The first sin of a bad interface is wordiness and clumsiness. Imagine opening a website whose navigation labels are presented as a poem. Kinda creative, sorta annoying. This clumsy creativity stand in the user’s way to achieving a certain task on a website or mobile app. The shift towards plain and easy-to-understand text on interfaces made major companies like Facebook and Airbnb reconsider their copy and make it all about helping users do whatever they want to do.
Twitter, with its 140-character limit, was the first to make users write concise text. It was a turning point when users couldn’t use redundant words and learned how to express ideas with few words – and therefore got used to short messages.
Internet vocabulary 101:
How Digital Is Changing Our Language
The necessity to write concisely isn’t the only change that’s occurred to language on the Web. Most social media platforms have introduced new words to the English vocabulary. Well, not exactly new words, but new meanings and cases where people can use them. If we follow someone, we don’t actually stalk them on the street, but see their posts on our feed.
Why caused these changes? I see three reasons: companies needed to (1) name actions, (2) make them catchy and easy to say, and (3) focus on users.
Now, imagine you had to say subscribe to my Twitter account instead of the standard follow me on Twitter. I bet you’d be exhausted after saying it to your 30th follower. It may sound funny to you, but for companies like Facebook, Instagram, YouTube, and Twitter, it was a real obstacle. For users, it’s just a word. For companies, it’s a negative user experience.
To create positive experiences, the Big Social Four focused on what their users would find appealing and learnable. Those of you who have read Don Norman’s study on bad doors now see User Experience design more like a set of logical interactions among interface elements, rather than words contained within those elements.
What you may forget is that UX isn’t only about design. It’s about everything that contributes to positive user experience, including words.
It’s all about the user’s emotions
Using words and images to bring people to a product is fine. Using the same words to retain them is not.
A user browsing a website isn’t a robot who performs manual actions. They are a real person who experiences emotions with each tap, click, scroll, and swipe. The right microcopy demonstrates care and understanding about the user’s feelings at every step of their user flow.
Here’s how Upwork shows care for their users.
Upwork helps novice freelancers succeed when creating an account.
What if I learn something new? Upwork focuses on freelancers’ fears, concerns, and doubts. The box explains that freelancers can change the skills they’ve entered whenever they feel like. The purpose of this form is to set up an account. Without this bit of text, you might get confused about whether you’re creating an account once and for all, or an account you can edit in the future. This is UX writing.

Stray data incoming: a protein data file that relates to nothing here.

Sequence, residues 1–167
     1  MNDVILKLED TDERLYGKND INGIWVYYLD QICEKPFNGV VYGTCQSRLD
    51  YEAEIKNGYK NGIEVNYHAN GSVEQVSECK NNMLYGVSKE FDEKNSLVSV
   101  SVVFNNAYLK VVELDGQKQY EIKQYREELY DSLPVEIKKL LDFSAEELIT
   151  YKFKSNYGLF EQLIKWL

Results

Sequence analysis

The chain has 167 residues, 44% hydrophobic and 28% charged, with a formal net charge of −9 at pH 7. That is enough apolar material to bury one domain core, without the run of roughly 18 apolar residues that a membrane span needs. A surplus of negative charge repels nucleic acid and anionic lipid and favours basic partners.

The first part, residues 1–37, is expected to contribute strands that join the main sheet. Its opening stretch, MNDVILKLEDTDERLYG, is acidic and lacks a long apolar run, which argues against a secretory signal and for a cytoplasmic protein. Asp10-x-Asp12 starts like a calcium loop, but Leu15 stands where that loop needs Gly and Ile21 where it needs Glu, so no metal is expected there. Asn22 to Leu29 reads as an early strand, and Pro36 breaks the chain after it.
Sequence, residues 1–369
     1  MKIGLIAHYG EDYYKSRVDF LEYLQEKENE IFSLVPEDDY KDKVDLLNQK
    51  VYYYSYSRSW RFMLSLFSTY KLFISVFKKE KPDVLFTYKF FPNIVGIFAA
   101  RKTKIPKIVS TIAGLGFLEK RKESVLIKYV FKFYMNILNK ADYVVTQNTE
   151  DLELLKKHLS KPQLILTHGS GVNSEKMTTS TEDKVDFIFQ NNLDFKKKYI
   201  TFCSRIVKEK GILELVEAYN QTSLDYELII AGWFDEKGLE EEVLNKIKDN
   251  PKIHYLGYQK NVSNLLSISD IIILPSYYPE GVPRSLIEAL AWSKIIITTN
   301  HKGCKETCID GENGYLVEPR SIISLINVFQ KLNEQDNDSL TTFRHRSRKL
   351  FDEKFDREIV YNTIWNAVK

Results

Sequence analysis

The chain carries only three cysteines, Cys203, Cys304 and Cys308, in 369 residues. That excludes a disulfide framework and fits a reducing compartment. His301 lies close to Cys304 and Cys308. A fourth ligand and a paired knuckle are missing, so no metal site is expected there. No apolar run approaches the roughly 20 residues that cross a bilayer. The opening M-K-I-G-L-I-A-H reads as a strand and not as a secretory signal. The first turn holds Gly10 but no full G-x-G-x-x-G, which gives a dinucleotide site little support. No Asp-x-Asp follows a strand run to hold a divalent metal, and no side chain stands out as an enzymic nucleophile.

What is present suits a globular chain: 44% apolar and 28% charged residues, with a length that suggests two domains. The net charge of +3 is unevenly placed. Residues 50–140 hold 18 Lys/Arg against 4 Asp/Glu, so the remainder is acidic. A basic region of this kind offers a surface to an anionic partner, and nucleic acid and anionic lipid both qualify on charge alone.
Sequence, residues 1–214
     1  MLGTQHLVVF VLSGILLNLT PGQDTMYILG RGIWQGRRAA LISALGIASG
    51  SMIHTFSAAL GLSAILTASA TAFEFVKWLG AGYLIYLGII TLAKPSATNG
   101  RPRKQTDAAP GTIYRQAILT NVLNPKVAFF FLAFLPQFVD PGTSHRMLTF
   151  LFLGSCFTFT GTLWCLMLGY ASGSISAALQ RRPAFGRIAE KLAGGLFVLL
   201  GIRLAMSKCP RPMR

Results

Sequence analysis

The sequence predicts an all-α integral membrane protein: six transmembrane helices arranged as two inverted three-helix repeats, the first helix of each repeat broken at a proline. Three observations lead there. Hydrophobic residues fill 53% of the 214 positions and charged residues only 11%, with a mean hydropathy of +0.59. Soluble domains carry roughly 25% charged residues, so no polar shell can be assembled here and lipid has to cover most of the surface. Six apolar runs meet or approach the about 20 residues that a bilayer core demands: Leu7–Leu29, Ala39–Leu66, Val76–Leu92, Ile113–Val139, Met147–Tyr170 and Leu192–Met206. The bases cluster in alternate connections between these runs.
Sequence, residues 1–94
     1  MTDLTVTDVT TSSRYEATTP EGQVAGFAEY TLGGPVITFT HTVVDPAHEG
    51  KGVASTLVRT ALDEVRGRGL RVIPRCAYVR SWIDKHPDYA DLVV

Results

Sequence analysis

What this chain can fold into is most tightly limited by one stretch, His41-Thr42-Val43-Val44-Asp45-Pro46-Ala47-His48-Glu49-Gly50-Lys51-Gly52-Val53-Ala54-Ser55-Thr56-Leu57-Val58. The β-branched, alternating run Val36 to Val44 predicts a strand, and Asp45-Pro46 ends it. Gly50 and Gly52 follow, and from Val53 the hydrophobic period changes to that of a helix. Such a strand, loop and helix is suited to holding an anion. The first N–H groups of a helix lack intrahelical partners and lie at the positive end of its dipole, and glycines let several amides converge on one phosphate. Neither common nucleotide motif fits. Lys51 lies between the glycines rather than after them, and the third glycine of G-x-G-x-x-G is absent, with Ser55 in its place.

Microcopy is the New Design
While the job of a copywriter is – roughly – to write, UX writing deals with more specific tasks. Put simply, a copywriter’s primary objective is to make users learn about the product and to make their first contact with it. UX writers make sure their first contact isn’t their last one.
UX writers create positive experiences from the moment a user comes to a website or opens an app, and mends the pain points in their user flow – using words. Together with designers, UX writers create products as we see them.
Why did UX writing appear?
Over the past five years, I’ve seen so many copywriting job titles that I can hardly remember half of them. But I didn’t see the UX Writer title until late 2016. So I thought ‘What is that, and why am I only seeing it now for the first time?
And then it struck me why: because we have finally come to a point where we can no longer tolerate interfaces like this:
Writing texts on such notifications used to be the job of whoever could write best in the office. Now that UX writing has entered the arena, users are seeing more clear, concise, and memorable copy.
So what do UX writers actually do?
- Work with designers and developers, starting at an early stage of production
- Research the target market so they can speak the users’ language
- Put forward hypotheses and do A/B testing
- Work with marketing and copywriting teams to create and follow the company’s style guide
- Write great copy
The result of a UX writer’s work is microcopy. It’s that little piece of text in an interface that helps users do stuff. Microcopy can include:
… and so much more. It’s impossible to define all types of microcopy, because they are unique to each website. Here’s an example of great microcopy by Pixar that deals with a page everybody has bumped into:
The 404 page is the worst that can happen to a user when browsing on your website. When a user wants to go to a page that he later discovers doesn’t exist, he has a bad experience. Luckily, the right words can save the day. See how Pixar saves the situation turning a frustrating experience into a funny one? That’s a concrete example of smart UX writing.
Your first steps as a UX writer